D3.4 - Legal Ethical Political Implications
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D3.4 Legal Ethical Political Implications
This document aims to highlight prominent legal, ethical and political issues that will surround the use of the TELL ME NEW Framework Model (the NFM), by incorporating the knowledge and findings already generated in the TELL ME project, in particular deliverable T1.6 on Human Rights, Stigmatization and Risk of Discrimination Against Specific Population Segments and Target Groups.
The purpose will be to apply the knowledge already generated in the first part of the project to the NFM, whose aim was to develop a new model for pandemic communication that was less focused on a hierarchical and linear approach, as has been common in the past, and more focused on the mediation of the message and the dichotomy between sender and addressee as being of central importance.
The organization of public health communication activities proposed in the model raises a series of issues:
Among the legal obligations that may pertain to the NFM, the most relevant is the International Health Regulations, created by the World Health Organization. Some of these requirements do seem relevant towards to NFM, in particular, those aspects related to the ‘core preparedness’ of states for epidemic and pandemics. The implementation of the NFM would accordingly appear consistent with such obligations.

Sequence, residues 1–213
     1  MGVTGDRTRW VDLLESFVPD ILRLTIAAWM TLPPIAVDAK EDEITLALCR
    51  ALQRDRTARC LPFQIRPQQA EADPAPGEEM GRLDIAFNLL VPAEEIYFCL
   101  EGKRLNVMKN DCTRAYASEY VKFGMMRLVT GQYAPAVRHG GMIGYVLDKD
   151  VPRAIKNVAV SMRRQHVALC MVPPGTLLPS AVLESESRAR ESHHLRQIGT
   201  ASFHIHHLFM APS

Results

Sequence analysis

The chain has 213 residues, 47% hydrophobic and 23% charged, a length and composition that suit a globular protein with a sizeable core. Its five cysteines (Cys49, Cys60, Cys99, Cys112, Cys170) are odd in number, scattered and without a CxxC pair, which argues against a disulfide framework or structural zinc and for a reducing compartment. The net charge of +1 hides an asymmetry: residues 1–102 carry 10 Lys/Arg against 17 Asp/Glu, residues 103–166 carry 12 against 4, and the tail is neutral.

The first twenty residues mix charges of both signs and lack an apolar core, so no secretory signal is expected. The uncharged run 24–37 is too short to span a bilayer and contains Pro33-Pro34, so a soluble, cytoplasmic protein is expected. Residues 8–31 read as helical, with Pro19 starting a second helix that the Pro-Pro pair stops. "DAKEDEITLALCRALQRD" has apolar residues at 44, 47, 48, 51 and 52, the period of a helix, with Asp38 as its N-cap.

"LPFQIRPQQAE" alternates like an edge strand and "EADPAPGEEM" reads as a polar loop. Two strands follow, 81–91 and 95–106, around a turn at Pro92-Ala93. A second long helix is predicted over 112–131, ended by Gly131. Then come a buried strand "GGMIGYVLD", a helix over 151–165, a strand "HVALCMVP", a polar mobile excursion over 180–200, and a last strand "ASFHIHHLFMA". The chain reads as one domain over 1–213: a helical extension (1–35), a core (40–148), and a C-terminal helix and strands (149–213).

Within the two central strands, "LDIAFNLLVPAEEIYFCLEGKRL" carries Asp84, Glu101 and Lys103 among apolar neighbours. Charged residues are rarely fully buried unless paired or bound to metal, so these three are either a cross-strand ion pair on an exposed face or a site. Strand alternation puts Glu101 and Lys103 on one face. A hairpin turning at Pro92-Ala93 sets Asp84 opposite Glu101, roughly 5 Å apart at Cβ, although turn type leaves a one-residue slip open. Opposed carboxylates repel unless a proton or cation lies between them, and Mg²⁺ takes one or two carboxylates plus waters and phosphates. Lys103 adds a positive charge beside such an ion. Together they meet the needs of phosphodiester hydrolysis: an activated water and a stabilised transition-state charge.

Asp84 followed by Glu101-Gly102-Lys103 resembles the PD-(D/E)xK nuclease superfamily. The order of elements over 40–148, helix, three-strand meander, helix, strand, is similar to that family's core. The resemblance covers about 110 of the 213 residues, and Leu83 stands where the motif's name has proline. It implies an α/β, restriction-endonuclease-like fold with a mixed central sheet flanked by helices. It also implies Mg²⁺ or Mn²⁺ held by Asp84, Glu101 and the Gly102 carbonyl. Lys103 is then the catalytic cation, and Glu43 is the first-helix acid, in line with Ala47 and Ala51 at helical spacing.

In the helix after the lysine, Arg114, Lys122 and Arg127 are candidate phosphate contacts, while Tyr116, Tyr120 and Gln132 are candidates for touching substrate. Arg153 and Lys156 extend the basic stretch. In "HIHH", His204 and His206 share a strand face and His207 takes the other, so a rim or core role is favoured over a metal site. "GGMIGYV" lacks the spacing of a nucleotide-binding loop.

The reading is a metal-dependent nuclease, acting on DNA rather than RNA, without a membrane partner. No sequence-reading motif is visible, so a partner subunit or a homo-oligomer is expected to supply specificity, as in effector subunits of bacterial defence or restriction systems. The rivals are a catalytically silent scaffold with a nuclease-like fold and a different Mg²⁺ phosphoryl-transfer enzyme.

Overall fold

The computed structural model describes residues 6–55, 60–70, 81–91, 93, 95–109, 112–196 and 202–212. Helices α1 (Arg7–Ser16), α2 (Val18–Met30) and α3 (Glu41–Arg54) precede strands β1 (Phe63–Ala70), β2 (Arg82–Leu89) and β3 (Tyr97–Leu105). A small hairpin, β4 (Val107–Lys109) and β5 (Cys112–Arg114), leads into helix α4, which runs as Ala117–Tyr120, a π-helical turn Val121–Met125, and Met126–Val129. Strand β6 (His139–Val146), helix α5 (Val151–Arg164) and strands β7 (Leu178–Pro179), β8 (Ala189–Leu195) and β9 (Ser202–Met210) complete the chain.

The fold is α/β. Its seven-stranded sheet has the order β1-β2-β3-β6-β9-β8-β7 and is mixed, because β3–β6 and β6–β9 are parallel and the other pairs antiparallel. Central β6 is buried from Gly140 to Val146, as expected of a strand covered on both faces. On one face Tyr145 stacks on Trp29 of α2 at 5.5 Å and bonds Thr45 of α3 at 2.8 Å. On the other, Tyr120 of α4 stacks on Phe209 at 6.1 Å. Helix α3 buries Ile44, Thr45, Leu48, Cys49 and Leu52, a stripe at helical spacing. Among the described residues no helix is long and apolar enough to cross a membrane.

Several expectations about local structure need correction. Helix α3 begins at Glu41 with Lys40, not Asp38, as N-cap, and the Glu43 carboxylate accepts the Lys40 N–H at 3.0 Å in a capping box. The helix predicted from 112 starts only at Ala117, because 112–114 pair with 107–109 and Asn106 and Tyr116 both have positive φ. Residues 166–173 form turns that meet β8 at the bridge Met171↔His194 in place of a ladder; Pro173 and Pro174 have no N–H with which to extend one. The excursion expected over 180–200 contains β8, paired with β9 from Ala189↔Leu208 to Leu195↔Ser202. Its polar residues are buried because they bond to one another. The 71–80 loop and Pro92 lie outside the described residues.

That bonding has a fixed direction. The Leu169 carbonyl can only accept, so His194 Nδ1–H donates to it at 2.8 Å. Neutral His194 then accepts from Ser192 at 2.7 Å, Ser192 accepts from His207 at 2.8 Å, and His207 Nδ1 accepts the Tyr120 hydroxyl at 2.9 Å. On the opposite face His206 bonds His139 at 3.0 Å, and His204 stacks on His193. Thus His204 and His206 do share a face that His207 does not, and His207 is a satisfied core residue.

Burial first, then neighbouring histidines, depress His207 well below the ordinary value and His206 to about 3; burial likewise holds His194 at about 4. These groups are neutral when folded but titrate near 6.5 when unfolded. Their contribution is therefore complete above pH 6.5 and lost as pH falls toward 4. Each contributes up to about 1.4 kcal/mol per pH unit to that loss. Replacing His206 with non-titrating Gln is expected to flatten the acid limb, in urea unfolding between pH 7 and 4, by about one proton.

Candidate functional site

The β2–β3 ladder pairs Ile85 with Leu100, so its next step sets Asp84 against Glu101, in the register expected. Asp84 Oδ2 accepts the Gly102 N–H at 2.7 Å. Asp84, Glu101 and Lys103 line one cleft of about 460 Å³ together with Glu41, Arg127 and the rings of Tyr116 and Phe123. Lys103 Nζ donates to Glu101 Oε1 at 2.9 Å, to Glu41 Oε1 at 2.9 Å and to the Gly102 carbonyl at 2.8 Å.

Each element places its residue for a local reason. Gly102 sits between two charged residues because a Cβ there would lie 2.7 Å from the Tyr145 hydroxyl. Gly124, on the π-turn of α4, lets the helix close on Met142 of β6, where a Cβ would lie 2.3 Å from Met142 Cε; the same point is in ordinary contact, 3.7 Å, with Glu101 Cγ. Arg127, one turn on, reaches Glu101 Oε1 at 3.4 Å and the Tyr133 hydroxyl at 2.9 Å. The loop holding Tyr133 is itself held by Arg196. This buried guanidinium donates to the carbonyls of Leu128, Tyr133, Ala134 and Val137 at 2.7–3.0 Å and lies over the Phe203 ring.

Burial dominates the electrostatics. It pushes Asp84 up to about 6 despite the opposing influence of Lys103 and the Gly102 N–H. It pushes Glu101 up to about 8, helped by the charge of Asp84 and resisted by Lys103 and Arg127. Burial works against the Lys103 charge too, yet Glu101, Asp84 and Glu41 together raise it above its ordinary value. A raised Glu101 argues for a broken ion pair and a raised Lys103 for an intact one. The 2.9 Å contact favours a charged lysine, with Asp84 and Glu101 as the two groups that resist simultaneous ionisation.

Health communication campaigns are, in addition to positive effects, able to create stigmatizing atmospheres that may be conducive to discrimination for others. Therefore, it is important to consider the potential of individuals to use legal frameworks to restrain public health bodies where their activities (including in the context of the NFM) may be able to create such problems.
Public health communication programs (including the NFM) are subject to some more focused legal frameworks. These notably include rules of protection of individual privacy (and most notably data protection) and also freedom of Information laws (FOI).
Whilst the integral use of a wide range of stakeholders (proposed in the NFM) will allow a much greater interaction with the public, it brings with it added complications that entail a far greater reliance on private parties than traditional models of public health communication. This can raise both ethical and political issues because private organizations are not subject to the same accountability mechanisms (i.e. control through executive and legislatures) that public bodies will often be.